Youth climate strikers: ‘We are going to change the fate of humanity’
Exclusive: Students issue an open letter ahead of global day of action on 15 March, when young people are expected to strike across 50 nations
The students striking from schools around the world to demand action on climate change have issued an uncompromising open letter stating: “We are going to change the fate of humanity, whether you like it or not.”
The letter, published by the Guardian, says: “United we will rise on 15 March and many times after until we see climate justice. We demand the world’s decision makers take responsibility and solve this crisis. You have failed us in the past. [But] the youth of this world has started to move and we will not rest again.”
The Youth Strikes for Climate movement is not centrally organised, so keeping track of the fast growing number of strikes is difficult, but many are registering on FridaysForFuture.org. So far, there are almost 500 events listed to take place on 15 March across 51 countries, making it the biggest strike day so far. Students plan to skip school across Western Europe, from the US to Brazil and Chile, and from Australia to Iran, India and Japan.
“For people under 18 in most countries, the only democratic right we have is to demonstrate. We don’t have representation,” said Jonas Kampus, a 17 year old student activist, from near Zurich, Switzerland. “To study for a future that will not exist, that does not make sense.”
The letter says: “We are the voiceless future of humanity … We will not accept a life in fear and devastation. We have the right to live our dreams and hopes.” Kampus helped initiate the letter, which was created collectively via a global coordination group numbering about 150 students, including the first youth climate striker, Sweden’s Greta Thunberg.
The strikes have attracted some criticism and Kampus said: “We wanted to define for ourselves why we are striking.” Another member of the coordination group, Anna Taylor, 17, from north London, UK, said: “The importance of the letter is it shows this is now an international movement.
Taylor said: “The rapid growth of the movement is showing how important it is and how much young people care. It is vital for our future.” Janine O’Keefe, from FridaysForFuture.org, said: “I’ll be very happy with over 100,000 students striking on 15 March. But I think we might reach even beyond 500,000 students.”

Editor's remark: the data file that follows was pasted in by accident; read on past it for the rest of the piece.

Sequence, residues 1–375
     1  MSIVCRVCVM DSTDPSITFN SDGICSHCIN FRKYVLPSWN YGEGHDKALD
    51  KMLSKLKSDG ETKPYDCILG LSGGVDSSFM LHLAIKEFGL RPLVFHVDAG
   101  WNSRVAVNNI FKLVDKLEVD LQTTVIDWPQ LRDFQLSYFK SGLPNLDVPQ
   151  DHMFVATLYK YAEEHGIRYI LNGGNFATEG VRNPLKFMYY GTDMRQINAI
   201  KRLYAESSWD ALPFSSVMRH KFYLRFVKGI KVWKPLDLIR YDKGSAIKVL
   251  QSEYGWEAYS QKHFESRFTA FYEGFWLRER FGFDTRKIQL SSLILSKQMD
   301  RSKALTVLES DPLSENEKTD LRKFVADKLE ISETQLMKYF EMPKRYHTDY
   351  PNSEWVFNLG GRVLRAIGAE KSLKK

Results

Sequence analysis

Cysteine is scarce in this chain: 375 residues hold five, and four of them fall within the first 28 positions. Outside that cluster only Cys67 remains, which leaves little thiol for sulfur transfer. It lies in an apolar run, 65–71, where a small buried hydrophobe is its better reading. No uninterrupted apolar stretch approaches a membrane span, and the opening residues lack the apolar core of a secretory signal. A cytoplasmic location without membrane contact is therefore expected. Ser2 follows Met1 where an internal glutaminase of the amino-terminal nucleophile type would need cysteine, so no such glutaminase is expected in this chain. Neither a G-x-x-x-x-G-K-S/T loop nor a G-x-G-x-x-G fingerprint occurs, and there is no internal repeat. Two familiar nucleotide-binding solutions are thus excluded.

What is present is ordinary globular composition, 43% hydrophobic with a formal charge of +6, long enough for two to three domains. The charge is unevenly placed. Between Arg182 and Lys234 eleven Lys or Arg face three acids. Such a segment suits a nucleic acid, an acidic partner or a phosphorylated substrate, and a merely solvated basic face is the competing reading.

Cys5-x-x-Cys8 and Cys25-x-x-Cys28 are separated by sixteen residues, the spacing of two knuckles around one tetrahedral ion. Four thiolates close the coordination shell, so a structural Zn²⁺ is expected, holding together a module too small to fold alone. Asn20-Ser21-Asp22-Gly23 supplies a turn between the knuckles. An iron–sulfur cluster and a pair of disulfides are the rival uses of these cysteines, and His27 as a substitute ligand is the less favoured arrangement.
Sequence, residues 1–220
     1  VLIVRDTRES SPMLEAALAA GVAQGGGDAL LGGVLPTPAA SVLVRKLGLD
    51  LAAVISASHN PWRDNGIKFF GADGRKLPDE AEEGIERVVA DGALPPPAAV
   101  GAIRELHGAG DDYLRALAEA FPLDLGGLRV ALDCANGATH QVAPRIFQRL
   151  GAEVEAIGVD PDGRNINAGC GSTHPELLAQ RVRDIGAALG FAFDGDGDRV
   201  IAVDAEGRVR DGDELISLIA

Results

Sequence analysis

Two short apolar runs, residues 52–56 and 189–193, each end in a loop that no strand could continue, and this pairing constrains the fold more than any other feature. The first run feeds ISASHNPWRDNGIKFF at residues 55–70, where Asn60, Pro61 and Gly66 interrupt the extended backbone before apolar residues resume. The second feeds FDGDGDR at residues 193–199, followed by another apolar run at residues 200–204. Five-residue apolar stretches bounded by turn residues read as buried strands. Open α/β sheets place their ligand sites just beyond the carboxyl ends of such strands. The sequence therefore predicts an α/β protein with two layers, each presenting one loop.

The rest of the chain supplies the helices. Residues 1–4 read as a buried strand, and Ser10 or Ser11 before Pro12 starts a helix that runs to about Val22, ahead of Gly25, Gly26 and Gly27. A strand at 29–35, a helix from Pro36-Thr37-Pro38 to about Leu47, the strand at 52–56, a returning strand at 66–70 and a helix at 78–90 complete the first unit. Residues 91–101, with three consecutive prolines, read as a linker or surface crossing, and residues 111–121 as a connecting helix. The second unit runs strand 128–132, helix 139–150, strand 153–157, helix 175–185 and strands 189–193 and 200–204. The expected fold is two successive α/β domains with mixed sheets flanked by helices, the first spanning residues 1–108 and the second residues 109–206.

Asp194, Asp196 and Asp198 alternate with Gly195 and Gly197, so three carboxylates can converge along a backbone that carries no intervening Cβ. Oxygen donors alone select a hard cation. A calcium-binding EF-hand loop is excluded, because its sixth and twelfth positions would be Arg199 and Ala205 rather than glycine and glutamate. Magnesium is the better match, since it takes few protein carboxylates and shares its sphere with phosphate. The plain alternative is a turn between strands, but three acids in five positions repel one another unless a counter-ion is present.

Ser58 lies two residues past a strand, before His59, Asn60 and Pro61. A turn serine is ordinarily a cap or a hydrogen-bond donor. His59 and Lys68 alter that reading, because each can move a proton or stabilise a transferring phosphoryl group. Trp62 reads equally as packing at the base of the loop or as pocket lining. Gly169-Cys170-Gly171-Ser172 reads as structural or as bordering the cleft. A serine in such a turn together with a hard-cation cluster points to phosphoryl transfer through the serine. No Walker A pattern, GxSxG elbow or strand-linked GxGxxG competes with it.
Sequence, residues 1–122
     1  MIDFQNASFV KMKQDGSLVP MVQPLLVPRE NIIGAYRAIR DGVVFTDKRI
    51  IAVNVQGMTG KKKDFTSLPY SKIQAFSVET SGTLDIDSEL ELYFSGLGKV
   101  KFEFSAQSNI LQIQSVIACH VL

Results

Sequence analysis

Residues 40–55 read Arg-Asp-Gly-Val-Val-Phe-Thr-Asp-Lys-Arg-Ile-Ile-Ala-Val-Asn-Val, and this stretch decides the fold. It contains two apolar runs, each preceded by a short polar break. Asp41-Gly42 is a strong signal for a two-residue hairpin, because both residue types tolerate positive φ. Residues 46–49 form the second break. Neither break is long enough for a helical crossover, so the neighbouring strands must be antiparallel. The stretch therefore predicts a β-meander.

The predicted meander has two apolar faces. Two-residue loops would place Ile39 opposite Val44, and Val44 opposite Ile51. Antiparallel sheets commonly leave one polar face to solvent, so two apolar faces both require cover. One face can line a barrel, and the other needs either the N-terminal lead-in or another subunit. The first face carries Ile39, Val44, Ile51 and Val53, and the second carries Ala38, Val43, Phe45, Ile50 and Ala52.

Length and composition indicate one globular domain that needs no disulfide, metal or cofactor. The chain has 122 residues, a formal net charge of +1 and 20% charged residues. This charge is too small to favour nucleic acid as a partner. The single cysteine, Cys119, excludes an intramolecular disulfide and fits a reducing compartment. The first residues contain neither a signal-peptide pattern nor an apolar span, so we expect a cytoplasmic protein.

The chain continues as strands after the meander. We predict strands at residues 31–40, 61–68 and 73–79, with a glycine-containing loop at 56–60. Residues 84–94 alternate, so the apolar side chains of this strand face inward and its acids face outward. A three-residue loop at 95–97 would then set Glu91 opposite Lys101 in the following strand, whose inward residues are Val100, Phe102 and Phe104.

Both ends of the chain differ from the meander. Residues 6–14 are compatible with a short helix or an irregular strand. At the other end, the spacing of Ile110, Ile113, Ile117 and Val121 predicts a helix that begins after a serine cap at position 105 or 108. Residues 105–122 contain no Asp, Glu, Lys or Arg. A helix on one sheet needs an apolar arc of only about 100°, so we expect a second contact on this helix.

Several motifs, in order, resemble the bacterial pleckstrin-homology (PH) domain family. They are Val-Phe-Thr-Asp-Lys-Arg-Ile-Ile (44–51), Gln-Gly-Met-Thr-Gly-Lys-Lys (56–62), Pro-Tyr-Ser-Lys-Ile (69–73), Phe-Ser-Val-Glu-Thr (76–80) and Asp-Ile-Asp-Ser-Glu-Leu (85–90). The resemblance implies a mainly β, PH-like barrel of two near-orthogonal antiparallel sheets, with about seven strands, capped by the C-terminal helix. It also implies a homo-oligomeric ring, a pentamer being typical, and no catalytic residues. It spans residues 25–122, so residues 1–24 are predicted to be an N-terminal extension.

Thunberg, now 16 years old and who began the strikes with a solo protest beginning last August, is currently on holiday from school. She was one of about 3,000 student demonstrators in Antwerp, Belgium on Thursday, and joined protesters in Hamburg on Friday morning.
In recent days, she has sharply rejected criticism of the strikes from educational authorities, telling the Hong Kong Education Bureau: “We fight for our future. It doesn’t help if we have to fight the adults too.” She also told a critical Australian state education education minister his words “belong in a museum”.
The strikes have been supported by Christiana Figueres, the UN’s climate chief when the Paris deal to fight global warming was signed in 2015. She said: “It’s time to heed the deeply moving voice of youth. The Paris Agreement was a step in the right direction, but it’s timely implementation is key.” Michael Liebreich, a clean energy expert, said: “Anyone who thinks [the strikes] will fizzle out any time soon has forgotten what it is to be young.”
In the UK, about Taylor said more than 10,000 students went on strike on 15 February: “I’m anticipating at least double that on 15 March.”
The strikes would not end, Taylor said, until “environmental protection is put as politicians’ top priority, over everything else. Young people are cooperating now, but governments are not cooperating anywhere near as much as they should”. She said students were contacting her from new countries every day, including Estonia, Iceland and Uganda in recent days.
Kampus, who was invited to meet the Swiss environment minister, Simonetta Sommaruga, on Wednesday, said: “The strikes will stop when there is a clear outline from politicians on how to solve this crisis and a pathway to get there. I could be doing so many other things. But I don’t have time as we have to solve this crisis. My dream is to have a life in peace.”